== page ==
When I get mail, I open it and throw it out. I have a system for paying bills. My lizard’s vitamins are on a shelf with his food and toys. My work files are on a dedicated shelf, separate from my personal ones. My books are neatly stacked on the bookshelf. I know where to find a pen, a thermometer, a pair of tweezers, my checkbook, and stamps. In other words, everything in my apartment serves a purpose and has a home.
Four hours with Done & Done would have cost me about half a month’s rent, or a thrifty vacation. To be fair: the clothes I consigned through them will net me half of that fee back. Not to mention the tax deductions I will receive from the donations. But nevertheless, it is a lot to put forth up front.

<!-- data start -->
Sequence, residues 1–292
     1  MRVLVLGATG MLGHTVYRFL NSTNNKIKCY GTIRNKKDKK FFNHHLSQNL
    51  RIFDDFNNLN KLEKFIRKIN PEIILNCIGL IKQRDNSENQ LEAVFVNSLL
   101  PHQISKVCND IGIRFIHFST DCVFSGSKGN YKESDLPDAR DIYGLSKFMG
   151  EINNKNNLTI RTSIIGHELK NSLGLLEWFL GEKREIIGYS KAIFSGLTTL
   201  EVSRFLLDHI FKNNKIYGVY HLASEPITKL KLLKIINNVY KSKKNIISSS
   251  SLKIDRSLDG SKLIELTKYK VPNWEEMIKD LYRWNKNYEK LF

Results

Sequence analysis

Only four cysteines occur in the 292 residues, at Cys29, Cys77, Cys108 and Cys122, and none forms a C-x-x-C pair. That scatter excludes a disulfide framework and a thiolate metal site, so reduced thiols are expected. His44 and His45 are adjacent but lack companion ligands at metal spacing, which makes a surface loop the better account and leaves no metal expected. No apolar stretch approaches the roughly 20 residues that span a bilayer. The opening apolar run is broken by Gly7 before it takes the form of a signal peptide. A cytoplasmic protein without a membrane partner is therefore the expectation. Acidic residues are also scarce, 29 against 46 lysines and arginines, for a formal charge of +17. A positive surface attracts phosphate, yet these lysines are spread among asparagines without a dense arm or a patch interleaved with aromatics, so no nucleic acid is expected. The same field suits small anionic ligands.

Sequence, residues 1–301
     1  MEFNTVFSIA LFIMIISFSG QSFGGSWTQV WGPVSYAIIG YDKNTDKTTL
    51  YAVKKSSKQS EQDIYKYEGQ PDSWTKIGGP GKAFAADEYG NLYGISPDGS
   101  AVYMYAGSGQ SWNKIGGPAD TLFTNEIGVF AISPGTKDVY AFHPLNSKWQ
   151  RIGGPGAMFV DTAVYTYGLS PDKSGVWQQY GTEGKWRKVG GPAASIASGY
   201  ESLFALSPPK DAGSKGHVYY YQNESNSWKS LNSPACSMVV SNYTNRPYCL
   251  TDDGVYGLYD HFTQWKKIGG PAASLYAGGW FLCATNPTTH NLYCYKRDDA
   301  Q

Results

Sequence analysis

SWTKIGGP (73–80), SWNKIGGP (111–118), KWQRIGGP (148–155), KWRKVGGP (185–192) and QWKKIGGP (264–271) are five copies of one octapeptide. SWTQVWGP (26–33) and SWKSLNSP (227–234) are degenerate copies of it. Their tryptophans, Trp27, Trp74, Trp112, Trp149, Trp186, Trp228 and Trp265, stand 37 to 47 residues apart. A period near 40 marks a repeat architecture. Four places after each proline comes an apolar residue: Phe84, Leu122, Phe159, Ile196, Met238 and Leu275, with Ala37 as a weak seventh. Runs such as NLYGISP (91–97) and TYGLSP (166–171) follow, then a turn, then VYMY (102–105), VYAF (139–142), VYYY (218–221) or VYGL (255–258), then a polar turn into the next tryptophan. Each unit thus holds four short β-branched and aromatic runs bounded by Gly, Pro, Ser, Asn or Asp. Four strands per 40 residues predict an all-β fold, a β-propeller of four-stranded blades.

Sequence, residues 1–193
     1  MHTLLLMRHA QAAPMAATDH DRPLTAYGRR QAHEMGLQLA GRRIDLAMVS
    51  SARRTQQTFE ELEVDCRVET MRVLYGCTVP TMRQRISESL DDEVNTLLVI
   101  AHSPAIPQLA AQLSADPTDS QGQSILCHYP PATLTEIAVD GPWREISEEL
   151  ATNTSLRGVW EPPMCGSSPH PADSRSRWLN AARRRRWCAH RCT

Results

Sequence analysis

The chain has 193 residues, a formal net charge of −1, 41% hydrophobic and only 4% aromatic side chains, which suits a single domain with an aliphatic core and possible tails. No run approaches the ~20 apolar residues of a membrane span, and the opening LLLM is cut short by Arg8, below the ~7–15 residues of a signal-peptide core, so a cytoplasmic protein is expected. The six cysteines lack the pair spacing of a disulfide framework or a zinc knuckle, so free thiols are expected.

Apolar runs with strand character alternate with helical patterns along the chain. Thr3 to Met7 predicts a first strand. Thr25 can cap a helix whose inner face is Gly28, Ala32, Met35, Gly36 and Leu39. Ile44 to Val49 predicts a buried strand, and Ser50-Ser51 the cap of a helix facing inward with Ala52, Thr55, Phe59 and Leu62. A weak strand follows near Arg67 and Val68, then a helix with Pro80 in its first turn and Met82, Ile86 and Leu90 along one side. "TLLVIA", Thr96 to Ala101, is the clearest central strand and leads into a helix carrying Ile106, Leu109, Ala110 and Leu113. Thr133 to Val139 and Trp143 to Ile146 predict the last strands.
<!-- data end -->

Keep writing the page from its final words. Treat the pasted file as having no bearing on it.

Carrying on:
But the feeling that my life is infinitely easier every single day is almost indescribable. I no longer run out of my house in the morning to the office just to escape the madness. Somehow, even though I am not waking up any earlier, I feel like I have more time in the morning and I luxuriate in it. My morning routine is calm and productive. I listen to a podcast, eat my breakfast, do my dishes, leave the house. I am happy and ready to face the day.
To keep my heart light and ready to enthusiastically live my life, to be able to save money by working and cooking from home, to avoid the colossal emotional and fiscal expense moving — I would forgo one vacation per year to make that my reality. Without a doubt.